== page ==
President Donald Trump’s personal chauffeur of 25 years filed a lawsuit Monday, claiming the billionaire violated federal law by failing to compensate him for thousands of hours in overtime pay among other state-mandated benefits.

According to the complaint, Noel Cintron had been on constant call, working 50 to 55 hours per week. But despite the outstanding number of overtime hours he accrued, he was never compensated. Cintron’s lawyer, Larry Hutcher, said his client had failed to come forward sooner because he was unaware of his rights.

“In an utterly callous display of unwarranted privilege and entitlement and without even a minimal sense of noblesse oblige, President Donald Trump has, through the defendant entities, exploited and denied significant wages to his own longstanding personal driver,” read the complaint.

Cintron also claims that in the past 15 years, he only received two pay raises, the first having been $5,000 back in 2006. In order to receive a second pay raise of $7,000, Cintron was also “induced to surrender his health benefits obtained through Trump,” the lawsuit alleged. The move supposedly saved Trump $17,866 in health insurance premiums.

Subscribe to our free weekly newsletter!

A week of political news in your in-box.
We find the news you need to know, so you don't have to.

The complaint also alleges that the president violated federal and state labor laws by failing to reimburse Cintron for accrued vacation and sick time, and by not giving him annual wage notices or pay stubs.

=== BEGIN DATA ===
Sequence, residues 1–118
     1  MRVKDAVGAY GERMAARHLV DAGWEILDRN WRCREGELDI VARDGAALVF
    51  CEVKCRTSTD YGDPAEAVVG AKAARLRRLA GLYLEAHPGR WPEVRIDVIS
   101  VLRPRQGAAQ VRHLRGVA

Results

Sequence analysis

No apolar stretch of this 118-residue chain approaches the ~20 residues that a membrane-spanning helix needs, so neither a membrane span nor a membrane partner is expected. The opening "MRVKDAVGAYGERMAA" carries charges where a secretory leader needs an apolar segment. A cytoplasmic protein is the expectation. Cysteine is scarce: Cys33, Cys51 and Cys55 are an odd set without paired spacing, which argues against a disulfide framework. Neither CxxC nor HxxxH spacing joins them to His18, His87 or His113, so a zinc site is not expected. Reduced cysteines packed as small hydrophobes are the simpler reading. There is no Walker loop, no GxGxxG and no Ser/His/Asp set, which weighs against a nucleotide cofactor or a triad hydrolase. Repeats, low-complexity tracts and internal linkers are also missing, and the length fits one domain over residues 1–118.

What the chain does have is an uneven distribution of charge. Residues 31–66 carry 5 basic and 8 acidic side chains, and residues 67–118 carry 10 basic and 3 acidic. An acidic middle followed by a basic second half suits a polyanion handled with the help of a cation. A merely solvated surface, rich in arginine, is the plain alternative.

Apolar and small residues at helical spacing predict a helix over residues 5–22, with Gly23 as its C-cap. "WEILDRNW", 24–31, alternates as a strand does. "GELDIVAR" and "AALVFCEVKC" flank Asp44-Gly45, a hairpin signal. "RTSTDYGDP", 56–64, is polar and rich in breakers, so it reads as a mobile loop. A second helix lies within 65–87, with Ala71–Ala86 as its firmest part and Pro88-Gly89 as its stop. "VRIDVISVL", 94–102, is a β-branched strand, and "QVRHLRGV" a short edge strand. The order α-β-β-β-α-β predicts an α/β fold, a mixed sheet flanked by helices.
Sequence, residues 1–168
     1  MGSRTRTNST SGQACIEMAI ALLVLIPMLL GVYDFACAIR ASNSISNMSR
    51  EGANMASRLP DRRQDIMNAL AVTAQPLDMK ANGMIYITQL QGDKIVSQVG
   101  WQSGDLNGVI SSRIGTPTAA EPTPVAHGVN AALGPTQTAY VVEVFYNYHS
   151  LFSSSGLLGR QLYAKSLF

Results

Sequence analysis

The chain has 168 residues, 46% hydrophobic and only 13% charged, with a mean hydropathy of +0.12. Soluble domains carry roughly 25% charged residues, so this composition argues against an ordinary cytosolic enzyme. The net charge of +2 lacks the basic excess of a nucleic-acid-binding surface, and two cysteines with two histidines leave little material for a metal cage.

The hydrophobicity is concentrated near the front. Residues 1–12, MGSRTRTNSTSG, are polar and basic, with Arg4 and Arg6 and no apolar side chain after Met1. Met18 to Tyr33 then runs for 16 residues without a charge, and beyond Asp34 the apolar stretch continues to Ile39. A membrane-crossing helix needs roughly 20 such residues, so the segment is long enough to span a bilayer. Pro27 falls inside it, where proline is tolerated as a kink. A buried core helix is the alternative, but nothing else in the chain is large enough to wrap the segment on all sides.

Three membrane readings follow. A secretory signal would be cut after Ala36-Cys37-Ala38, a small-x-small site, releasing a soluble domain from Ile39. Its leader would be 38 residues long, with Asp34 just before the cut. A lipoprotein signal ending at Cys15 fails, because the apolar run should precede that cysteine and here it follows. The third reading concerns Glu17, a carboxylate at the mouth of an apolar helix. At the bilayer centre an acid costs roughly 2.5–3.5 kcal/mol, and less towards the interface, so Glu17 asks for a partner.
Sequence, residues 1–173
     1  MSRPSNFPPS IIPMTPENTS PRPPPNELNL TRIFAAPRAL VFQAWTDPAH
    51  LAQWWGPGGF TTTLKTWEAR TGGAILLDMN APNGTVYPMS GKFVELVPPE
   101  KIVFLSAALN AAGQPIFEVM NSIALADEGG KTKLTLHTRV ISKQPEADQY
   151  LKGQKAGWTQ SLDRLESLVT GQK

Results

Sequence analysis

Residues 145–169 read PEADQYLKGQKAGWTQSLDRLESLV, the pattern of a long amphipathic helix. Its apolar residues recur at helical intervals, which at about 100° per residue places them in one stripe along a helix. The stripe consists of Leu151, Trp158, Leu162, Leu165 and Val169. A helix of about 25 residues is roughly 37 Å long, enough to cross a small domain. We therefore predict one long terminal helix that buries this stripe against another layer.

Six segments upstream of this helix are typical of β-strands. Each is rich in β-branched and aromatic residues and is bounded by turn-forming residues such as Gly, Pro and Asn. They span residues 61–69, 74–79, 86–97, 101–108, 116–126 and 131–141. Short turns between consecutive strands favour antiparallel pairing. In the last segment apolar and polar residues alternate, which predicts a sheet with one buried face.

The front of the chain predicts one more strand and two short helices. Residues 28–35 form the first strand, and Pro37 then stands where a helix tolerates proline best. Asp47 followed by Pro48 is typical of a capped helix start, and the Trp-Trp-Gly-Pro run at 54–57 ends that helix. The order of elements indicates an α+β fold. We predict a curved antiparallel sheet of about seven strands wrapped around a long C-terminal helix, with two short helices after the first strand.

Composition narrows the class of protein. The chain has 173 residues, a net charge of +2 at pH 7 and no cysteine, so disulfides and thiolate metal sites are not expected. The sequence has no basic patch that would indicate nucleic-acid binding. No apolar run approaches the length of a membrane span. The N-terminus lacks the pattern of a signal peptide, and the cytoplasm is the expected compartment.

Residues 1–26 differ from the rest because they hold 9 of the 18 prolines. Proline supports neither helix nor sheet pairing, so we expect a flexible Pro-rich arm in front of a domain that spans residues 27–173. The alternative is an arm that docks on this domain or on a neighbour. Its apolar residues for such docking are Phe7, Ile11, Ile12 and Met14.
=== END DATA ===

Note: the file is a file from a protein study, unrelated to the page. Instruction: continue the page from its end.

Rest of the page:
The Trump Organization has since responded to the suit. “Mr. Cintron was at all times paid generously and in accordance with the law. Once the facts come out we expect to be fully vindicated in court,” spokeswoman Amanda Miller said.

According to New York’s statute of limitations, Cintron is now only entitled to compensation for 3,300 hours of overtime accrued over the past six years. Cintron’s lawyer, Larry Hutcher, said his client had failed to come forward sooner because he was unaware of his rights.

“It’s ironic that President Trump, who portrays himself as an advocate of the working man, doesn’t see fit to pay his own driver a fair wage,” Hutcher noted.

A 2016 analysis by USA Today had found that the president has been involved in at least 3,500 legal actions in federal and state courts throughout the past 30 years. Since 2005, Trump’s businesses have faced 24 violations of the Fair Labor Standards Act for not paying employees minimum wage or overtime pay.

Read more about:

Get the free uPolitics mobile app for the latest political news and videos

iPhone Android

Leave a comment